Rachel Razza

Associate Professor
Graduate Director

The primary focus of Dr. Razza’s scholarly work is children’s self-regulation, a multifaceted construct that encompasses a variety of skills underlying children’s ability to monitor cognitive strategies and adapt behavior to fit situational demands. Specifically, her work explores associations among different facets of self-regulation, biological and contextual predictors of self-regulation, and implications of various self-regulatory skills for children’s school readiness and later school success. She is particularly interested in specifying these pathways among at-risk children, as these youth at risk for self-regulatory deficits. In addition, her recent work examines mindfulness-based practice as a potential intervention strategy to enhance self-regulation and reduce the negative impact of trauma among children, youth, and adults. She is an Associate Director for the Contemplative Collaborative, a community of over 150 faculty, staff, and students across the University who are invested in contemplative pedagogy, research, and/or practice, and also serves as the Coordinator for the Mindfulness and Contemplative Studies.


Postdoctoral Fellow, Developmental Psychology, National Center for Children and Families, Teachers College, Columbia University, New York, N.Y. Mentor: Jeanne Brooks-Gunn (2005-2007)

Ph.D. Human Development and Family Studies, The Pennsylvania State University, State College, PA (2005)

M.S. Human Development and Family Studies, The Pennsylvania State University, State College, PA (2001)

B.A. Psychology, State University of New York College (SUNY) at Geneseo, Geneseo, NY (1999)


Social and cognitive development in at-risk children and youth; development and benefits of self-regulation; school readiness skills; mindfulness-based intervention; program evaluation

Research Focus

Dr. Razza’s research focuses on:

  • The biological and contextual factors that promote self-regulation among children and youth
  • The benefits of mindfulness-based programs for promoting resilience in schools and communities, particularly those exposed to concentrated poverty and/or high levels of trauma
  • The cognitive, social-emotional, and neural mechanisms of mindfulness-based practice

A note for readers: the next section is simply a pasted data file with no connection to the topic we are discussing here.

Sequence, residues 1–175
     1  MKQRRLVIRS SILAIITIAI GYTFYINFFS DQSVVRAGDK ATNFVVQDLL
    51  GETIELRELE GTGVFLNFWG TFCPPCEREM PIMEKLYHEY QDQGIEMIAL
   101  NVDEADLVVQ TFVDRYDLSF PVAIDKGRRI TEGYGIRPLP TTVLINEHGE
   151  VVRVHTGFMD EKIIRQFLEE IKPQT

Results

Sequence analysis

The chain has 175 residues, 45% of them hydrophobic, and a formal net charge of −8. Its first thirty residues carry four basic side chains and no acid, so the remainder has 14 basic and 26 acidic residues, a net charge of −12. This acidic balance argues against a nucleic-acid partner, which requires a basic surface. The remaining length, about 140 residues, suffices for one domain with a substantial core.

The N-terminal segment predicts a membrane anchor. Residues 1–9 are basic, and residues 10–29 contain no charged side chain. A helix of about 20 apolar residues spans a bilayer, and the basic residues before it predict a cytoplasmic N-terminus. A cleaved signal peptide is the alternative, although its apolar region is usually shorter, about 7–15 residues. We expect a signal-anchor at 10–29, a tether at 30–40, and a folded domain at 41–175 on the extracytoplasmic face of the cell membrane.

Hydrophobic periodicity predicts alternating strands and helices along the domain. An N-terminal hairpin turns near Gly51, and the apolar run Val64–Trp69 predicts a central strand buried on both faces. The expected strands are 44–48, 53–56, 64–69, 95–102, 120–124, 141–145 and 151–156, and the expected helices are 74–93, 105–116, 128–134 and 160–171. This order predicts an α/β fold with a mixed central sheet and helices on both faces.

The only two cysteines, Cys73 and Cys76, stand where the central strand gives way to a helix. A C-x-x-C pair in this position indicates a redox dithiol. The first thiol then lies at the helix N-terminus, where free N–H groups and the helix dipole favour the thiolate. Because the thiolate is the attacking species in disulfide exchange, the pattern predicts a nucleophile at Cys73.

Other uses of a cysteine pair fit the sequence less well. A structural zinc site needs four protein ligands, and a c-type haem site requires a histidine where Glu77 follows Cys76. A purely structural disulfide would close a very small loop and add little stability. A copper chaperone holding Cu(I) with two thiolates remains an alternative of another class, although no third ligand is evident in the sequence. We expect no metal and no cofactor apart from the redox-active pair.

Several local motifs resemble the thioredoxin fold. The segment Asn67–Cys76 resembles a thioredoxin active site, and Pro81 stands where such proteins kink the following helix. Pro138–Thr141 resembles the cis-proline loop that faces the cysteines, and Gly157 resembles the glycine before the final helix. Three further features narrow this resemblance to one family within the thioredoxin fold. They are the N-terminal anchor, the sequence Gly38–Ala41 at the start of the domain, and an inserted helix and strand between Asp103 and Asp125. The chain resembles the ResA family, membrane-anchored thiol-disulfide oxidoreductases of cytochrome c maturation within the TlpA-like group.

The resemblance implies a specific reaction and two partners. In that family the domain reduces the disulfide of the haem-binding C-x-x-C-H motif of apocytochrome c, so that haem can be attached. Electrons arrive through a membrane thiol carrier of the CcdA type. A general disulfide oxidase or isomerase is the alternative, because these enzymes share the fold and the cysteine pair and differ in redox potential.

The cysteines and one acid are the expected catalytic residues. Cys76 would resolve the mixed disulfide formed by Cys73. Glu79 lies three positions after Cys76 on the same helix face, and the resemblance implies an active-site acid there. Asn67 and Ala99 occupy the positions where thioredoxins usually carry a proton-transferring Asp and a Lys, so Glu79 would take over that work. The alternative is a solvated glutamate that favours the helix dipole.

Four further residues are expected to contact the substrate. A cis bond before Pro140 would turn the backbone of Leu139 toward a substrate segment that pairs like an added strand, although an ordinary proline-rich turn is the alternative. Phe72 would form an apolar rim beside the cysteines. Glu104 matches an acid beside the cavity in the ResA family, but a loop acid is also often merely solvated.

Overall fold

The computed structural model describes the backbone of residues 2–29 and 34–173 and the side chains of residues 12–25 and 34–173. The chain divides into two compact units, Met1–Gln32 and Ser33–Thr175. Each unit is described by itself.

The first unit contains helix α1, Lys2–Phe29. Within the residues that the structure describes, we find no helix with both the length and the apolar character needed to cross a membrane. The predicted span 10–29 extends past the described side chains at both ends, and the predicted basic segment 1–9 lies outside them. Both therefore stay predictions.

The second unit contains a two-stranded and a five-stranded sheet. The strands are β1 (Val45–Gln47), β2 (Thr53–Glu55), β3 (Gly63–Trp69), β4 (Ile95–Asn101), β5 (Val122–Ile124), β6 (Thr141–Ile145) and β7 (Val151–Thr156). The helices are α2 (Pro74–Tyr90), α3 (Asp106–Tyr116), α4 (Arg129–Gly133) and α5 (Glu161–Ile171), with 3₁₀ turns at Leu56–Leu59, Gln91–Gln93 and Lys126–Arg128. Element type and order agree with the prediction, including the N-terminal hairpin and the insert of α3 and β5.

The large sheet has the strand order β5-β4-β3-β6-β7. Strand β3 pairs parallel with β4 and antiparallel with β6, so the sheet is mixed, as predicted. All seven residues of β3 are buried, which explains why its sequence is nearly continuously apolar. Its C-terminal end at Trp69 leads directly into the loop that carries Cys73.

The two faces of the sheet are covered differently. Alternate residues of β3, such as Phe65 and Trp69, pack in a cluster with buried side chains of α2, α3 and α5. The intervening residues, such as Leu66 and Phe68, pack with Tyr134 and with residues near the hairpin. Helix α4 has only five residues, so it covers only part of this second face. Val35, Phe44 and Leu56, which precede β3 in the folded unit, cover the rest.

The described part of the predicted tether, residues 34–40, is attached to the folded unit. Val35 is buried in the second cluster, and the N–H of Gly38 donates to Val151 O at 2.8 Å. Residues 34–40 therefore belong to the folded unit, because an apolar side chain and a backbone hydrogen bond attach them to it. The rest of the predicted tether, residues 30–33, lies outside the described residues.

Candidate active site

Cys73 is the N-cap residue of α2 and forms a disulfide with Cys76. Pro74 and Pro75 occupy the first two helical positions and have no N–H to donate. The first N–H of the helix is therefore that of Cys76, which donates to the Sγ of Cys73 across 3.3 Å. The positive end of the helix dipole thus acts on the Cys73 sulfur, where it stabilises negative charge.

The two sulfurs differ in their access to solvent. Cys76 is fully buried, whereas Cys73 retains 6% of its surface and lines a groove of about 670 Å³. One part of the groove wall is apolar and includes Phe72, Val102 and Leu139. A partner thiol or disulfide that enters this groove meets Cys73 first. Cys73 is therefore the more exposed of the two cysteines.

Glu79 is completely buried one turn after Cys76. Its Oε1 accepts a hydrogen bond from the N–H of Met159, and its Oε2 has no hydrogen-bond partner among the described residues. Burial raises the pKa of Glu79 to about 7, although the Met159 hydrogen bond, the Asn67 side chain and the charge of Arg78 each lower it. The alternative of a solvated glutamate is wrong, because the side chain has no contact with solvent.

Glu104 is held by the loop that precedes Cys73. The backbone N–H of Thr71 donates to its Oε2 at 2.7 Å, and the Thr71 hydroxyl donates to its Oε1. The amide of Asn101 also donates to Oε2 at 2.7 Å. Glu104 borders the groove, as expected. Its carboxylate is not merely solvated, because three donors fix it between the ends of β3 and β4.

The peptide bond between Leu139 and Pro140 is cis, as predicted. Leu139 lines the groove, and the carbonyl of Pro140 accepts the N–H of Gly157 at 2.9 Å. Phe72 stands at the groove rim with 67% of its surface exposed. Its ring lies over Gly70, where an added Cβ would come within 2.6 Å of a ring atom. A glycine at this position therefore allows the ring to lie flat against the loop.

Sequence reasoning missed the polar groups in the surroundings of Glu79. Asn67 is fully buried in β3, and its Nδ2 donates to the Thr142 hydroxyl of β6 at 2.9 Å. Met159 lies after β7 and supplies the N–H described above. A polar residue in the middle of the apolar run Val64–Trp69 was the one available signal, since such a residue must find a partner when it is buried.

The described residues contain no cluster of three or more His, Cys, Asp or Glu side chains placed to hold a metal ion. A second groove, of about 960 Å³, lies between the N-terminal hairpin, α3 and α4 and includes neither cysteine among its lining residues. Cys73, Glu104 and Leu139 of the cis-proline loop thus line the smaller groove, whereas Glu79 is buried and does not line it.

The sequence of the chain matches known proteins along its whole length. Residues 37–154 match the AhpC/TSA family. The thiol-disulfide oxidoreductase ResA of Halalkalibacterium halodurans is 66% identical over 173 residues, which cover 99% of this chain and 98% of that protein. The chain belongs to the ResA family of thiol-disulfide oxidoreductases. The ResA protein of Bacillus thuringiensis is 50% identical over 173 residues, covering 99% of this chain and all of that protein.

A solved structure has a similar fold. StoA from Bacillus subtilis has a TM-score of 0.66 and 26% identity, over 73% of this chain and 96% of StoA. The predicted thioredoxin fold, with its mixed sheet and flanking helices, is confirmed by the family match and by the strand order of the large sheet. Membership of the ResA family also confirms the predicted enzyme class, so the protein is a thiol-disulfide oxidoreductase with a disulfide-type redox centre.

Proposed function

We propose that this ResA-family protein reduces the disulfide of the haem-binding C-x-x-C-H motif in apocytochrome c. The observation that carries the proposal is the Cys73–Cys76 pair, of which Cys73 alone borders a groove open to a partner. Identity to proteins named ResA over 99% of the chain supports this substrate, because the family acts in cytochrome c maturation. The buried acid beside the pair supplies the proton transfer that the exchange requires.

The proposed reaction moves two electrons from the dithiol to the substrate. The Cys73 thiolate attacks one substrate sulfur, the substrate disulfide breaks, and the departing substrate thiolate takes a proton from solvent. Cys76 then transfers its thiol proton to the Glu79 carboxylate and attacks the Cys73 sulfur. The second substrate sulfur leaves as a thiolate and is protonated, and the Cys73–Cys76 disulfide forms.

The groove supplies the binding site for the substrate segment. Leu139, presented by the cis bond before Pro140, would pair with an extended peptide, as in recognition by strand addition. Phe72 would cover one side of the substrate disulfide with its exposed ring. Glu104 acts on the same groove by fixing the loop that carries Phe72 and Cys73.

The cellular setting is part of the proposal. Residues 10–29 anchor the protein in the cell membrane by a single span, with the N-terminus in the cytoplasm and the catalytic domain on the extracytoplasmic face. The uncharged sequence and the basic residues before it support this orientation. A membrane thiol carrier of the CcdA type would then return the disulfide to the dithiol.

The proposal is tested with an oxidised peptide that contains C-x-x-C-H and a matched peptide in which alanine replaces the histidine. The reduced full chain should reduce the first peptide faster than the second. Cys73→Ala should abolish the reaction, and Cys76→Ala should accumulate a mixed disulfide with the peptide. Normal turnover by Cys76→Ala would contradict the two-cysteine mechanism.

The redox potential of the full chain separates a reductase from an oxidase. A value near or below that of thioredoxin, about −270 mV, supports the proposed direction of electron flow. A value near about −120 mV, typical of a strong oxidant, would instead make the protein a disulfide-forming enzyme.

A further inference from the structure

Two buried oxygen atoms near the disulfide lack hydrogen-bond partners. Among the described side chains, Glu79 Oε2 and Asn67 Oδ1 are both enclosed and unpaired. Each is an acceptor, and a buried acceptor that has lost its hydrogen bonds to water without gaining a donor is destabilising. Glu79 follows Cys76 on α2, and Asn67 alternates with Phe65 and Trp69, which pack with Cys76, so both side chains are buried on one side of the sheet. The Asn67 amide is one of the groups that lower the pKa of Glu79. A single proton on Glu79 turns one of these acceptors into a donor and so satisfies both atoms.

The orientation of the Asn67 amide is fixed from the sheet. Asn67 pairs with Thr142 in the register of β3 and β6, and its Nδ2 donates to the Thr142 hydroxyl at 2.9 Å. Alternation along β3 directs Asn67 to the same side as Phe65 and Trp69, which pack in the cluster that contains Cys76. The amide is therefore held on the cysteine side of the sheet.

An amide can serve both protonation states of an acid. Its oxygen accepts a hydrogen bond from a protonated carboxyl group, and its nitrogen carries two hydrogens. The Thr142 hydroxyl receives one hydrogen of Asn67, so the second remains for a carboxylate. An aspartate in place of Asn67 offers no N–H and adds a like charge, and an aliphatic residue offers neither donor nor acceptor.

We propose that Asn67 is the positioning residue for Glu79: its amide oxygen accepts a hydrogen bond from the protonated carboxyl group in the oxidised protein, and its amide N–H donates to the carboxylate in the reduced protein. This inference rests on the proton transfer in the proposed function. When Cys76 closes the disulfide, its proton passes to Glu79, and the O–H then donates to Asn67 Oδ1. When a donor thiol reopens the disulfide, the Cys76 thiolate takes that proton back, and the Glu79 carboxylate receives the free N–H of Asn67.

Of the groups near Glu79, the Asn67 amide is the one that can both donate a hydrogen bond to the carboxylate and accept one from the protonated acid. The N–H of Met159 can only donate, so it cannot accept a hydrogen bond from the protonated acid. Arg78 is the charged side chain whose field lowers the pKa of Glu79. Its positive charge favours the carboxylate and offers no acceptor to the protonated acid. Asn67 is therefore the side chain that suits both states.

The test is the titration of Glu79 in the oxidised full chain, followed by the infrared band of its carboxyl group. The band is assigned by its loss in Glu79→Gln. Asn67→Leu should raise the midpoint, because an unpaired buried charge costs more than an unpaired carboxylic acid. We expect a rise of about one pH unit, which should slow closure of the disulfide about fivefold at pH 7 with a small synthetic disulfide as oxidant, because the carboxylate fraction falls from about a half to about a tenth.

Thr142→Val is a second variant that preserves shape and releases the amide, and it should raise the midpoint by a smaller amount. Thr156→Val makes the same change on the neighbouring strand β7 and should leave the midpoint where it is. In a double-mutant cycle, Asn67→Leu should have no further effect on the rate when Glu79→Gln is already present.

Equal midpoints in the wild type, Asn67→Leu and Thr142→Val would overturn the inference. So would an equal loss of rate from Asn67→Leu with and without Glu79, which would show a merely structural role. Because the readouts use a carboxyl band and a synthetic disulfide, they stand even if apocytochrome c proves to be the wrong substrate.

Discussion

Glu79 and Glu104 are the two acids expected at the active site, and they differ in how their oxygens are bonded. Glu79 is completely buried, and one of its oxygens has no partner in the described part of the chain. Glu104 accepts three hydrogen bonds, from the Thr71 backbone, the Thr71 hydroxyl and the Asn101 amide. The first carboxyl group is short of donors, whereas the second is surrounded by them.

Research Projects

Mindfulness-Based Programs in Communities

Drs. Razza and Bergen-Cico also collaborate on several local projects that focus on mindfulness within the community. The aims of the Trauma Resiliency in Urban Environments (TRUE) grant are to implement and evaluate a trauma informed mindfulness-based program for pregnant and parenting women affected by community violence and living in areas of concentrated poverty and violence in the city of Syracuse. We are working with local community based organizations (CBO’s) and local government agencies to: a.) work together with CBO’s to assess needs of the community, b.)conduct a pilot program with our target population, and c.) build capacity for ongoing and sustainable trauma informed programming.

Another current project is an interdisciplinary collaboration with faculty in the MindLab (Newhouse) and School of Education that examines mechanisms of change associated with mindfulness training for people with posttraumatic stress. We are particularly interested in triangulating neural networks, biomarkers, cognition, and behaviors to better understand how mindfulness affects individuals experiencing trauma. This innovative project also includes the exploration of virtual reality as a tool to support and monitor mindfulness-based practice among these individuals.

Community-Based Mindfulness Projects

Examining Changes in the Stress Response, Cognition and Neural Networks in Response to Mindfulness Interventions Using Functional Near-Infrared Spectroscopy (fNIRS)